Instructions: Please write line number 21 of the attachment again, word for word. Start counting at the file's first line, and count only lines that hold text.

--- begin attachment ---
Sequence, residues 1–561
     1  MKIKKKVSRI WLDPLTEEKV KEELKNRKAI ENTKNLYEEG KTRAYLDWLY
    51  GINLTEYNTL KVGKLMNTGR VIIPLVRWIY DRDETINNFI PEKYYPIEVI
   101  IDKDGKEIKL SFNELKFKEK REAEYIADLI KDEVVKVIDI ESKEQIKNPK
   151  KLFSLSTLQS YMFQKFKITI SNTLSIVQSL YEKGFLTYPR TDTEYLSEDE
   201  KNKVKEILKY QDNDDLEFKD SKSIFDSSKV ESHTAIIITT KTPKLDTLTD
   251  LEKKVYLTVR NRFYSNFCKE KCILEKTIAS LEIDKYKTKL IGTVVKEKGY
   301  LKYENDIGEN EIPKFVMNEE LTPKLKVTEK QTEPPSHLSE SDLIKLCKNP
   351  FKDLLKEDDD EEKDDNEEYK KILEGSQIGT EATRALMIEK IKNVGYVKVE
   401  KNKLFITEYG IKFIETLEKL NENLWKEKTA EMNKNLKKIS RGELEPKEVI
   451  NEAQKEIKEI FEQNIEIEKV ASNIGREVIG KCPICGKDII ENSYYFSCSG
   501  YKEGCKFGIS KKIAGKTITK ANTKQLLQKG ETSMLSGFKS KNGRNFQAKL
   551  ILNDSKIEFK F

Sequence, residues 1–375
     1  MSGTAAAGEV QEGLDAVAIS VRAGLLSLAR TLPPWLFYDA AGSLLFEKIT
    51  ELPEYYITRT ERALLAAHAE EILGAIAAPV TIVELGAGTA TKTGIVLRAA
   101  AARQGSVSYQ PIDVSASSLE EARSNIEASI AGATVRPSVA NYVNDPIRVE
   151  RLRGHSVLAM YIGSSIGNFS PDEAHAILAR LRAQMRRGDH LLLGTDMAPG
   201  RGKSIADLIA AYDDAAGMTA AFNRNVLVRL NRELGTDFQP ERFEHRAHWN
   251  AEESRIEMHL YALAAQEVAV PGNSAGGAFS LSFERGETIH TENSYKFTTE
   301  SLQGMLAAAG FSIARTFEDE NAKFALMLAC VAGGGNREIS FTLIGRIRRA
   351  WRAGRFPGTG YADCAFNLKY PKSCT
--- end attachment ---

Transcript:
   301  SLQGMLAAAG FSIARTFEDE NAKFALMLAC VAGGGNREIS FTLIGRIRRA